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What is the variability of plasma norepinephrine levels?
May 23, 2007 9:14 AM   Subscribe

Does plasma norepinephrine stay relatively constant, or does it fluctuate a lot?

Because of some physical symptoms, I suspect I might have high sympathetic nervous system activity. So, I got a prescription from my doctor for a plasma norepinephrine test. The only thing is that I'm wondering how much the test results will be affected by transient factors, such as time of day and momentary stress levels. In other words, is plasma NE comparably variable to, say, heart rate? If so, how can I get a reliable assessment of my levels of synaptic norepinephrine?

Note: I also got a prescription for 24-hour urine catecholamine levels, in case that's more useful.
posted by wireless to Health & Fitness (4 answers total) 1 user marked this as a favorite
 
I'd assume there is a normal NE basal concentration. From some quick digging it looks like 3.38nmol/L. (That was just some quick internet searching, so take with a grain of salt.) Obviously that varies with levels of stress. That's why they usually do a 24 hour catecholamine test instead so that the variation during the day is accounted for. (FYI: NE is a type of catecholamine.)
posted by ruwan at 10:36 AM on May 23, 2007


Just to be curious: did you just outright ask for those prescriptions, or did your doctor independently recommend the tests? Did he or she think they'd be useful? Realistically, it's your doctor's job to interpret the results, and to give you reasonable guidance in terms of both your expectations and the results themselves; I'd find it really odd if your physician prescribed the tests but didn't have any idea how to interpret them.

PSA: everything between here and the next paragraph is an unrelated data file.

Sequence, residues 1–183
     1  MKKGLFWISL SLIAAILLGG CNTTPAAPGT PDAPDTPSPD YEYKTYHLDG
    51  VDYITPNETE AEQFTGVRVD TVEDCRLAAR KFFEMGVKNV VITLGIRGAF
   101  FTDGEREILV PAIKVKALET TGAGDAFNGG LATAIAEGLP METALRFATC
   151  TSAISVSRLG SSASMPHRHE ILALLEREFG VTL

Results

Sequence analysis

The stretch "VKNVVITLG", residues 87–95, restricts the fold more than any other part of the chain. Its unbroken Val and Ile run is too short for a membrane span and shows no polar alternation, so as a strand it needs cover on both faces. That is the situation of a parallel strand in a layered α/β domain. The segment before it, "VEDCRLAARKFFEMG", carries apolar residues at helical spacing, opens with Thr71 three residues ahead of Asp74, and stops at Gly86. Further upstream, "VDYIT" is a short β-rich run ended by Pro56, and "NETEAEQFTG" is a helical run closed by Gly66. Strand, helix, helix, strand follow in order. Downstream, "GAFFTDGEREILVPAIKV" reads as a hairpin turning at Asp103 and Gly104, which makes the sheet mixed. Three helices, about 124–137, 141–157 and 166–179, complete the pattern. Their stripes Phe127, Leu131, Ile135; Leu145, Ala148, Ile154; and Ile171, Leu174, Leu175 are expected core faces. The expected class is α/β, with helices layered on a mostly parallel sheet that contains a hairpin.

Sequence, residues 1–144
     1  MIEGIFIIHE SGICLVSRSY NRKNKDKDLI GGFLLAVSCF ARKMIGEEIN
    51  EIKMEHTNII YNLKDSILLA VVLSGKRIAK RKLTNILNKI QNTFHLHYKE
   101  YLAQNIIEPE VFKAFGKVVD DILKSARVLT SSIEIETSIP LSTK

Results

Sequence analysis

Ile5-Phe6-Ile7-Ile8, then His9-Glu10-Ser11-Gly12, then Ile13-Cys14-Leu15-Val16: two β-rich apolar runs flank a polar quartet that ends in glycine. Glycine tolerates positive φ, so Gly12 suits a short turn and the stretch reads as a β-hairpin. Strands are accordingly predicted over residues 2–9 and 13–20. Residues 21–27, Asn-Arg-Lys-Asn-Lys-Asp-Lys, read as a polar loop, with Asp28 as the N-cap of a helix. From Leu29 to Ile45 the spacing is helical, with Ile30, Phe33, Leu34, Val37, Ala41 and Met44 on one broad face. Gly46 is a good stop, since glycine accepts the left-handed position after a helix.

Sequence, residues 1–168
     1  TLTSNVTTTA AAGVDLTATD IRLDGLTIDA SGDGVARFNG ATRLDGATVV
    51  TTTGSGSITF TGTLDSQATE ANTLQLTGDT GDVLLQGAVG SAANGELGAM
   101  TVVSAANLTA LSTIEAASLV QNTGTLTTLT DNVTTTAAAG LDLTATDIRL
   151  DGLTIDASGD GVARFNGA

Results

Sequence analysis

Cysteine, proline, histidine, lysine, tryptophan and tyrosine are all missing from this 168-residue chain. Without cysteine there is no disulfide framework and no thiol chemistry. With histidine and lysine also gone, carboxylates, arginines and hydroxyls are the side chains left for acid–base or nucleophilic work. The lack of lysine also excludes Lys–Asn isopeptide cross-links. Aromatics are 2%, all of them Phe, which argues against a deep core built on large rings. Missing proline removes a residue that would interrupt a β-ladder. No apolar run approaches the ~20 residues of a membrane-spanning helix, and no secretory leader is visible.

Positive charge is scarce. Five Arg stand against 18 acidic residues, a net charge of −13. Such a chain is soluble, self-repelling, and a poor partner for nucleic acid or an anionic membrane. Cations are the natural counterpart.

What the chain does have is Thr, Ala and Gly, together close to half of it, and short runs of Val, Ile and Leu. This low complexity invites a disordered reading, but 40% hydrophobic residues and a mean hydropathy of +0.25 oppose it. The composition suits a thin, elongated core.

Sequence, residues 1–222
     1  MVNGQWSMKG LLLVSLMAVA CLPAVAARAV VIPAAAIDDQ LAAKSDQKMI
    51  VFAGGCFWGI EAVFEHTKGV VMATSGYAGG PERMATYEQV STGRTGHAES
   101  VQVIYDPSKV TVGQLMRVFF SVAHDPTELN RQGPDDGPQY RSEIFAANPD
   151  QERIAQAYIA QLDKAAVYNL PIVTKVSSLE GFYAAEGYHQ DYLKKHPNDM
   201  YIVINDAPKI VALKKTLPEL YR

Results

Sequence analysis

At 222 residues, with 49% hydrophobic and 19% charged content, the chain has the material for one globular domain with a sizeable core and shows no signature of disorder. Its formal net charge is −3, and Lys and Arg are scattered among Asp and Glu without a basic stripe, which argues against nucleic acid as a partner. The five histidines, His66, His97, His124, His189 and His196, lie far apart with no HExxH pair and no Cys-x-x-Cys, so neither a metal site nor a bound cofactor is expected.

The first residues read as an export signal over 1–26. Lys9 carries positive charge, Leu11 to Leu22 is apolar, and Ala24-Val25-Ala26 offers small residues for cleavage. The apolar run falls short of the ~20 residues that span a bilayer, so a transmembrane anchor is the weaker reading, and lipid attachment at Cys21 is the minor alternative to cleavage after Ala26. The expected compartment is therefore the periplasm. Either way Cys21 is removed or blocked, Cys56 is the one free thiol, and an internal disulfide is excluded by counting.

(And the short answer to your question is that yes, the levels vary a lot and aren't that useful to measure except in the case of tightly-controlled situations like tilt-table tests, or in the case of massively elevated situations like catecholamine-producing tumors like neuroblastoma, adrenal tumors, and the like.)
posted by delfuego at 12:27 PM on May 23, 2007


Labtestsonline and the Labcorp website have lots of info on the catecholamine tests. My understanding was that the test was only performed to diagnose adrenal tumors.

It also looks like it's highly sensitive to all the factors you describe.
posted by euphorb at 5:57 PM on May 23, 2007


I once had some tests run on my epinephrine levels in an effort to determine whether my adrenal gland was operating properly. I learned two relevant things. 1. If they're on the high end of the normal range, then that means they're probably elevated due to stress, anxiety, that sort of thing. 2. If they're in the high range, that means you might have Addison's, a tumor, or some other biological condition that would cause your adrenal gland to overproduce. So the test could certainly distinguish between an actual endocrine disease and plain old fashioned anxiety.

I'm sorry, I don't remember where the numerical cut offs were for "normal" and "high." If you can't get answers elesewhere, email me (address in profile) and I'll sift through my medical records. I might be able to find something useful.

Best of luck.
posted by Clay201 at 10:20 PM on May 23, 2007


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